Famed attorney Robert Barnes has one of the most interesting Twitter accounts for politics. It’s not just what he posts himself, which is often very informative. It’s also what he finds and retweets that grabs my attention.
He retweeted the thread below by Matt Beebe that delivers an analysis of the indictment of President Donald J. Trump. It offers insights into what powers the president possesses over classified documents that are relevant to what we’re seeing today…
Deep dive on the classified document fiasco: The entire classification scheme is a *control system* established by Executive Order and therefore applicable *only* to people below POTUS.
As CINC, Trump was entitled to do *anything* with classified material while President. Let that sink in.
Surely he would be subject to impeachment for any alleged misuse, but his authority is inherent in the Constitutional position, and there are no statutory restrictions that apply to him*.
*NOTE: The Atomic Energy Act, which established a separate classification & control scheme for certain US nuclear secrets, purports to also apply to POTUS. But this actually presents interesting separation of powers issues that aren’t so cut & dry. It’s not relevant here though.
The primary classification scheme promulgated by EO also prescribes a mechanism where classified material can be declassified.
Declassification doesn’t change the nature of the information, it changes the control system & procedures applicable to the information which are obligatory to non-POTUS actors. Again, this process is not binding on POTUS. Otherwise his power as CINC is dependent & conditional, not inherent.
Think about it — if he has the inherent power to do whatever he wants with it, does he need to follow a process (that he controls)? Does his compliance with every jot & tittle of a process (that he controls) impair his right to determine the disposition of that material? No. It cannot, or it’s not a power inherent to the Presidency.
Trump’s ham-handed explanation of this as “thinking it” declassified notwithstanding, and his inability to clearly articulate the finer points of the classification & control system and how it interacts with Article II powers doesn’t make it any less true.
This brings us to the Presidential Records Act (and subsequent case law), which clearly grants the President unilateral authority to determine what he keeps as a “personal record.”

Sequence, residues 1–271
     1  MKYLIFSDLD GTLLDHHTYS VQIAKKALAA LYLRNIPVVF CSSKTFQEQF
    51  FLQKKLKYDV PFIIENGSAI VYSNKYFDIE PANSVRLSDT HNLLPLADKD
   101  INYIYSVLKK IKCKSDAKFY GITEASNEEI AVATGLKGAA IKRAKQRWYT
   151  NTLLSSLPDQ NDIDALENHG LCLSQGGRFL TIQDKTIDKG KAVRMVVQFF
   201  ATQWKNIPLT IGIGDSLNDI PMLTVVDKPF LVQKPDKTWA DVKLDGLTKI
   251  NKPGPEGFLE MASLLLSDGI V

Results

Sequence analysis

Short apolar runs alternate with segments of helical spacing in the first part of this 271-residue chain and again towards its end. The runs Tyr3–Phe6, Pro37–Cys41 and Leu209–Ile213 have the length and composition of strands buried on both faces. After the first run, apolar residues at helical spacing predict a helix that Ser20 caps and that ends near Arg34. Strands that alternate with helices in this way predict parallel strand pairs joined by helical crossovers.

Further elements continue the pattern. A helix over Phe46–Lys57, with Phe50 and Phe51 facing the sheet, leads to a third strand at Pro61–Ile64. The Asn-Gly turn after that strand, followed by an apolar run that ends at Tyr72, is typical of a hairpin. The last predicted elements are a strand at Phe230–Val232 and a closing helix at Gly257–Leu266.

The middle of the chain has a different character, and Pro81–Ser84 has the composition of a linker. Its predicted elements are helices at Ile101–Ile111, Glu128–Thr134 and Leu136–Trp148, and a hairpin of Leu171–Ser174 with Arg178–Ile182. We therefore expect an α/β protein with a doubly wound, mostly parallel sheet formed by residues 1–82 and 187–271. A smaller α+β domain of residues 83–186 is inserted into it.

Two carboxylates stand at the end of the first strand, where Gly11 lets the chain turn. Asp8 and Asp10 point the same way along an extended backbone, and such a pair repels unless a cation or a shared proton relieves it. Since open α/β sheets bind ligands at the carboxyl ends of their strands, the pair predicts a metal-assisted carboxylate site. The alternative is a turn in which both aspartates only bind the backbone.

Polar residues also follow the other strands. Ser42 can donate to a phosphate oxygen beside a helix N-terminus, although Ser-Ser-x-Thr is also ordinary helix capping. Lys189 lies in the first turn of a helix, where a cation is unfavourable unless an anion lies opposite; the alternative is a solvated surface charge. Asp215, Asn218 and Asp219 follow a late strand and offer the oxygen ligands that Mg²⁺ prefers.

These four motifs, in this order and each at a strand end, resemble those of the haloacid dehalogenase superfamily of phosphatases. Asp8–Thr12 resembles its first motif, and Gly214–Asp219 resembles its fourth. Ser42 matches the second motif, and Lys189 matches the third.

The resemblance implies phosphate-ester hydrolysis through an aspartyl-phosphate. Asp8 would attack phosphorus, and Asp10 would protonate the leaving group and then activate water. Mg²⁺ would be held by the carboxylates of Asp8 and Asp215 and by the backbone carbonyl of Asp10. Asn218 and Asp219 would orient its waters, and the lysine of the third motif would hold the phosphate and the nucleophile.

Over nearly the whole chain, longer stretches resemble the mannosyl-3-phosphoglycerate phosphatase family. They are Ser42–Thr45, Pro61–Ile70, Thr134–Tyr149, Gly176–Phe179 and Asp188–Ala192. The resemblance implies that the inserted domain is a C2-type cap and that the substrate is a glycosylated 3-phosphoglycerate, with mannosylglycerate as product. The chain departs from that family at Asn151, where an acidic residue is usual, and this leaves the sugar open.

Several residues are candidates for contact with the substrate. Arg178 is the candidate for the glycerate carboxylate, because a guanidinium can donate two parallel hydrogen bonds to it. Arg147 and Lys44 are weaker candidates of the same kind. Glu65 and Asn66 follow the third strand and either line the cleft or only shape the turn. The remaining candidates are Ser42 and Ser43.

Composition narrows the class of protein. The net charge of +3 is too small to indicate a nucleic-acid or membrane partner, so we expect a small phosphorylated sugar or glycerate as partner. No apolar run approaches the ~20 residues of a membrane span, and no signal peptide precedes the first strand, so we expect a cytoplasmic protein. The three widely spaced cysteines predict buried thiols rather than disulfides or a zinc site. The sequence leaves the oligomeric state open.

Wait, this seems like a disaster waiting to happen — how can he be allowed to keep marital that might still be marked classified or a subsequent administration might decide to control differently? It’s quite a minefield with a bunch of inter-related gotchas.
And that’s the quandary that the PRA sought to avoid— by granting a former POTUS clarity and wide latitude surrounding his records.
To be sure, there are national security implications with a POTUS keeping material that remains sensitive or a subsequent administration might deem subject to different classification and control rules. This is why NARA has SCIFs, this is why Presidential Libraries have SCIFs, this is why a former President identifies “records custodians” (who receive continued security clearances), and this is why former Presidents are generally granted security clearances (Biden Administration refused to grant Trump a clearance by the way)
Bottom line: there is no legal basis for any of the mishandling/wrongful possession claims, and any bonafide national security concerns presented are able to be handled amicably through various procedures.
Which then beings us to the obstruction claims:
I’m somewhat disappointed in his apparent willingness to play games with NARA/DOJ (who were clearly out to get him, not to preserve Presidential Records).
My sense is that he really didn’t know what he still had, wanted to personally filter the material, and was ensured he could consider them all personal records, so he handled the initial NARA/DOJ requests unseriously. (Nobody steps on rakes better than Trump)
And I am troubled by his alleged comment to his lawyer which was essentially “Hillary had liars for lawyers and they made her problems go away, <wink-wink>” — which, by the way we only know about because of an unconstitutional piercing of the attorney-client privilege. (This should honestly concern more people than it does)
But you can’t “obstruct justice” unless there is an underlying crime. Which there isn’t here.
The entire case is built on a stack of lies and will eventually result in his complete and total exoneration.
But at what cost? It’s a dark, dark day in America.
It is the darkest of days we’re facing, and it’s only going to get worse if this travesty is not resolved.